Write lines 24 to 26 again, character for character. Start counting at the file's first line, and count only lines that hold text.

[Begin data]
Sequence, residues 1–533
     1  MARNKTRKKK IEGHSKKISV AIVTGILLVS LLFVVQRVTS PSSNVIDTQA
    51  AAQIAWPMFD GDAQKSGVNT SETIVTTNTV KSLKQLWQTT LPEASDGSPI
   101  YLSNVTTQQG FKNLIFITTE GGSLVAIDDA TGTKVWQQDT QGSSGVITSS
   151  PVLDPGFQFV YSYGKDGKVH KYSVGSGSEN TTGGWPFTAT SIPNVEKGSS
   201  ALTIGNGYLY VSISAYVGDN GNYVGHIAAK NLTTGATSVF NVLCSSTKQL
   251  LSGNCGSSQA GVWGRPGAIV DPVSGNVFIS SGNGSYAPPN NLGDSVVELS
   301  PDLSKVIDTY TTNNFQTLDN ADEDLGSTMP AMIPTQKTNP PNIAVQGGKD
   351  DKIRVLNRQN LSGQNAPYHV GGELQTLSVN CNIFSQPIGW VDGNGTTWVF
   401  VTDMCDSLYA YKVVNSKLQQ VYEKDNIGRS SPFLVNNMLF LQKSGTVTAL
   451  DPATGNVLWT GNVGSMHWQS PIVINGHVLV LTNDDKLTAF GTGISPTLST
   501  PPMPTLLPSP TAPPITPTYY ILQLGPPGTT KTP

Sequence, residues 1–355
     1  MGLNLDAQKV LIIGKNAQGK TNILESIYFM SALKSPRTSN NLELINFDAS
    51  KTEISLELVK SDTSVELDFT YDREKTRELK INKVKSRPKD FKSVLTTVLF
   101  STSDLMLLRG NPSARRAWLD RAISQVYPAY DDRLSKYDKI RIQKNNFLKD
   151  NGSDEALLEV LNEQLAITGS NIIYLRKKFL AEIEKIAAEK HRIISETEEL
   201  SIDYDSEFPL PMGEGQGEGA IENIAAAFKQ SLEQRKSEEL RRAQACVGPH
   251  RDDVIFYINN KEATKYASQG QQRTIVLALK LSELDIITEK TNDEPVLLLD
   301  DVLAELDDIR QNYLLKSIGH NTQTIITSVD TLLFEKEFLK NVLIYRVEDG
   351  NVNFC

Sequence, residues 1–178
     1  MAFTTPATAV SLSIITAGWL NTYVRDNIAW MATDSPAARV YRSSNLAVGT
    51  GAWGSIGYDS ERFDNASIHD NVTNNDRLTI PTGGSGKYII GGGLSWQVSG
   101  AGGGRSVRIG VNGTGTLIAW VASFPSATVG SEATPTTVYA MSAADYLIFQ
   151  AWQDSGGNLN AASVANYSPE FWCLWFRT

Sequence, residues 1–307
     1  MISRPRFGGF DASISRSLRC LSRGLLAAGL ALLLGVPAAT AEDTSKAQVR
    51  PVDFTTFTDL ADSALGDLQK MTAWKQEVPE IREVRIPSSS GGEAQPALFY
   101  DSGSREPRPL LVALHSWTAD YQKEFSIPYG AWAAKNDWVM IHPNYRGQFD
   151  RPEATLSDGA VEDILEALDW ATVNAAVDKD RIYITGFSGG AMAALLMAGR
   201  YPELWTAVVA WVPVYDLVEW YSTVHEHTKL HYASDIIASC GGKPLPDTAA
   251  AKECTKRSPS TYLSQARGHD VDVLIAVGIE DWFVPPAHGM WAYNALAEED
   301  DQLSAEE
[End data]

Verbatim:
    51  GAWGSIGYDS ERFDNASIHD NVTNNDRLTI PTGGSGKYII GGGLSWQVSG
   101  AGGGRSVRIG VNGTGTLIAW VASFPSATVG SEATPTTVYA MSAADYLIFQ
   151  AWQDSGGNLN AASVANYSPE FWCLWFRT